Query about Update Accelerator

Hi all,
I am thinking about deploying IPfire at a client in the near future and have a query or three about Update Accelerator, please. This is for testing and evaluation purposes for the future client.
1: I have two MS PCs on my network, one with Server 2022, one with Windows 11. Will Update Accelerator fetch updates for both?
2: How do the MS PCs get their updates from the IPFire cache as opposed to from the internet? Are there any configuration changes needed on the MS PCs, in order for them to get updates from IPFire instead of the internet?

I’ll try to answer your questions.

  1. MS Updates should work. As far as I can see the updates are fetched via HTTP. So they can be cached by Squid ( the proxy used by IPFire ). Update Accelerator is filter for Squid.

  2. To filter and cache the updates, the clients must use the IPFire proxy for web access. This means configuration via WPAD ( an option of the DHCP server ) and forcing to use the proxy ( direct HTTP connections are not allowed ).

Note, that only HTTP downloads can be cached. A download via HTTPS cannot be cached, because the transfer is initiated inside the encrypted session. Squid and its associated programs aren’t involved. ( see explorations of the HTTPS protocol )

@bbitsch Thank you, Bernhard, for your reply.
1: I understand that MS updates should work, my question is will Update Accelerator retrieve updates for BOTH Server 2022 AND Windows 11? Yes, I am aware that in a few cases the updates are similar, however, there are updates unique to Server 2022.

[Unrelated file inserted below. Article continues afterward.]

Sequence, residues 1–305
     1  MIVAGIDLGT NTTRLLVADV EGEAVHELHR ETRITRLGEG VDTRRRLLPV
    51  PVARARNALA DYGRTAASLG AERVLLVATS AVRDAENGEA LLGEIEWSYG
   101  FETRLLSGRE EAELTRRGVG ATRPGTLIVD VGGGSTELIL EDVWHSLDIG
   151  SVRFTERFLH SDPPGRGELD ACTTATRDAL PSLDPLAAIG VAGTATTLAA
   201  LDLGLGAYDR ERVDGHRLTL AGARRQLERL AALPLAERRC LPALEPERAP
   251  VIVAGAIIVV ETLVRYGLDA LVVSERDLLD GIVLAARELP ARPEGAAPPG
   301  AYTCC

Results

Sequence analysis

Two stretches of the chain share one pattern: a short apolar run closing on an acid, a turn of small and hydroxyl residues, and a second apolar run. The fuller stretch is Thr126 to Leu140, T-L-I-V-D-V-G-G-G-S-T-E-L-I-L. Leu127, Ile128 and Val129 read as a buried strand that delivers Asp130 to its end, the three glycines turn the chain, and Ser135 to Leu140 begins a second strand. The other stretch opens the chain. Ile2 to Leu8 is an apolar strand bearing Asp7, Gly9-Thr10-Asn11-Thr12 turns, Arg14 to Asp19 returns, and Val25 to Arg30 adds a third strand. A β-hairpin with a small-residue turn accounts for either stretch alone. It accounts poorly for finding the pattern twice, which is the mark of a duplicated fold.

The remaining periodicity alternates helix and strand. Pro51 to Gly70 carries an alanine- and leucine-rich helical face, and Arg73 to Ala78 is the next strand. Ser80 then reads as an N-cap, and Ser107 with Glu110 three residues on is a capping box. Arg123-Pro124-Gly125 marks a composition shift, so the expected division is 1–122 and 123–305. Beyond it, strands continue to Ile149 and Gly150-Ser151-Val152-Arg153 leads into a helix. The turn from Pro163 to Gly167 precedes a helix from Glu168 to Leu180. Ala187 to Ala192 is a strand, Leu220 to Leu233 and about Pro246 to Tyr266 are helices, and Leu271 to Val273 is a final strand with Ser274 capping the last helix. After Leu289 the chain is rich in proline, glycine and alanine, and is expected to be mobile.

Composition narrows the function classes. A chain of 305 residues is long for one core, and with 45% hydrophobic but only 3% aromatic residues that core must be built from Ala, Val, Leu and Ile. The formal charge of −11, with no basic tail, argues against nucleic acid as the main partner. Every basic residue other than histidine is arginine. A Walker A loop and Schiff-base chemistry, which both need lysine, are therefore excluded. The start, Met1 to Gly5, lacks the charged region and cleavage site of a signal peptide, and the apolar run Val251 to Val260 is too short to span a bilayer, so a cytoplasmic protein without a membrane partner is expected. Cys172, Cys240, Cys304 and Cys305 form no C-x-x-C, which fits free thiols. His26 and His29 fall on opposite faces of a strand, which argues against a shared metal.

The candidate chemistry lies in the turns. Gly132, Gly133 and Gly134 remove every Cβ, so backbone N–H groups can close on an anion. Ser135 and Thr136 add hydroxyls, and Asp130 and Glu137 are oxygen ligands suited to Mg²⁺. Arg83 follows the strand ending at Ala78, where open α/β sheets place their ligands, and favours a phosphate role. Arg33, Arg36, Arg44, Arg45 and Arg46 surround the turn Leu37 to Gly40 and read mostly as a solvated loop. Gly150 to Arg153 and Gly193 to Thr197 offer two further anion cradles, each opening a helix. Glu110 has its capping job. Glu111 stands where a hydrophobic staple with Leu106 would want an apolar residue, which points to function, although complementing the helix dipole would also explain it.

2: Yes, I am aware of this, that the web proxy must be used, which is currently the case. I have transparent proxy enabled, can I leave it as such or should I disable transparent and configure the clients manually?

I know this is an old conversation, but I wanted you to be aware that if you have only two MS PCs on your entire network, then the Update Accelerator is pointless. The way it is supposed to work is UA will download two copies of each update–one for the first client in need and one for UA to distribute to other clients on the network. If you only have two Windows PCs, it is more efficient to just let them download their updates on their own. The more PCs you have on the network, the more it makes sense to use UA.

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Microsoft reportedly has also started delivering updates over HTTPs, so they cannot be cached at all.


@bloater99 Thank you, that does make sense. Appreciate the reply.